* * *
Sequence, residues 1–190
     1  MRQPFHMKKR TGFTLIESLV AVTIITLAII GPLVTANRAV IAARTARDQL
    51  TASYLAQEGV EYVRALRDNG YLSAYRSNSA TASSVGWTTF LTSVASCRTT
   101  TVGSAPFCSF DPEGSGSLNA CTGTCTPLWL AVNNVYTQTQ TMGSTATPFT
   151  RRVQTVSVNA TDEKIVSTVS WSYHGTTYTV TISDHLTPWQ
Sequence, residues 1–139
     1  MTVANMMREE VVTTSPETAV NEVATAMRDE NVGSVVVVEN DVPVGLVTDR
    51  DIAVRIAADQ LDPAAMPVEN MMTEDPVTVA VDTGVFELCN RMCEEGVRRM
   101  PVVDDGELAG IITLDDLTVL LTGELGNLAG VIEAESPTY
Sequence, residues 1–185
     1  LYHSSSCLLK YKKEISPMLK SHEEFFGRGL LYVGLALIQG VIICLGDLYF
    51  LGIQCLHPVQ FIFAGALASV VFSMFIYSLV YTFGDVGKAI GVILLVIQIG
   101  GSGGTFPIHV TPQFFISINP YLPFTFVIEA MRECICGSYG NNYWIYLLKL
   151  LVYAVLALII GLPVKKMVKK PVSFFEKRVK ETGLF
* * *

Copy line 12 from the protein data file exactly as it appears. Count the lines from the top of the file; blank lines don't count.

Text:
    51  LGIQCLHPVQ FIFAGALASV VFSMFIYSLV YTFGDVGKAI GVILLVIQIG